Antiphon issue 24

Here it is!

We’re delighted to present Antiphon issue 24. We (and our contributors) have chosen a wide interpretation of our theme of ‘edges’ and it’s made for a very interesting issue. I hope you enjoy it!

Contents, issue 24

Act One

If By Light Sherre Vernon

The Chief Poisoner Will See You Now Ron Louie

Anxiety and Television News Lois Roma-Deeley

Fragment Rebecca Gethin

I’ve Split the Ash and Now I Read Anne Sexton Robert Carr    

Four Corners Where I See My Son Kate Rigby    

Marginal Matt Merritt

Narcissus Ponders Verge Lois Marie Harrod

Act Two

Chimera Mary Makofske

Argentea Marginata d’Ores&Deja

Passing Kathleen O’Toole

Grey Clouds Linda Opyr

Cartography of a Name Sarah Lao

True North Kathryn Gessner Calkins

Shetland Morning Kate Rigby  

Hadron Dale Wisely (read by Dale Wisely and Katherine DiBella Seluja)

Sleepless, Julia Deakin
Near Future, Suzannah Evans
Multiverse: an international anthology of science fiction poetry
    edited by Rachel Plummer and Russell Jones

Act Three

Snails Patricia McCaw

Calder-Hebble Navigation Helen Boden

Shoreline D A Prince

Coastal footpath David Callin

Corpus callosum EJ Shu

Letter to C. Elizabeth Yalkut

With thanks to the workers of the Woodland Trust Luke Lankester

Driving through Golden Gate Park with an old friend Sara Streett

Act Four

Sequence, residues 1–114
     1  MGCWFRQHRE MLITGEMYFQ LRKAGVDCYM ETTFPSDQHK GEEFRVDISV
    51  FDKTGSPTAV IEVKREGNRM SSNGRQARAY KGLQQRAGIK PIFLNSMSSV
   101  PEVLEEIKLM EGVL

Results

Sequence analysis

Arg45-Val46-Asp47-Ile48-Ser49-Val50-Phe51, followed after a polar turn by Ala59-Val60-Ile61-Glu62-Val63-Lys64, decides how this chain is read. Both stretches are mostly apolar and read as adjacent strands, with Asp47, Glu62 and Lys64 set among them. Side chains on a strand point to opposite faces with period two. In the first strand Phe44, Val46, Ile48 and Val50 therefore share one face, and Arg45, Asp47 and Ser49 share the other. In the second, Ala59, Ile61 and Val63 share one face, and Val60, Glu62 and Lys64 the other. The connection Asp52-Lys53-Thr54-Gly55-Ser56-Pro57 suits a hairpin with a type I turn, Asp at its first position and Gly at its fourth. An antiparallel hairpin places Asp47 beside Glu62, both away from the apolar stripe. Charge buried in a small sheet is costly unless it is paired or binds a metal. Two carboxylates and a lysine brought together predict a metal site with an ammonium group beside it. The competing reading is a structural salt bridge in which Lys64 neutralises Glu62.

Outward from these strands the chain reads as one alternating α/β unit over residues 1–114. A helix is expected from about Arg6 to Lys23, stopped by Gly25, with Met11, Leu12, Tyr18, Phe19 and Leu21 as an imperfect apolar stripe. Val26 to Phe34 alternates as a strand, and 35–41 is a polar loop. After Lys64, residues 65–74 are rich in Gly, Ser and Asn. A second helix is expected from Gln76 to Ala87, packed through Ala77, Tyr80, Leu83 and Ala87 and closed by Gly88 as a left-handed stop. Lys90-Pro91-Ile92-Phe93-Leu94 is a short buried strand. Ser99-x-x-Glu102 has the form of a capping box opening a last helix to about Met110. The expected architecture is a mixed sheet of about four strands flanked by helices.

Calling My Sister Elise Hempel

F(x) = 2/T Rita Rouvalis Chapman

All That is Recalled in This Stillness John Greiner

Great piece of turf Beth McDonough

Pond Heather Shakespeare

The Library Beyond the Wall William Stephenson

Of the like of the giver of guts Robert Wrigley


Submissions to issue 24 now closed

10th January 2019: Please note that submissions to issue 24 have closed a day early as we have reached our Submittable submission limit. I’m afraid it’s a penalty of not charging you to submit; we’re not allowed an unlimited number.

We’re a victim of our own popularity. I’m not sure what the answer is to this; as a magazine run in our spare time, I’m reluctant to add handling financial transactions to the mix. We could pay contributors and charge for submissions, but I can see that doubling the workload. I’d rather we all had free access and concentrated on the poetry. Does anyone have any thoughts about this?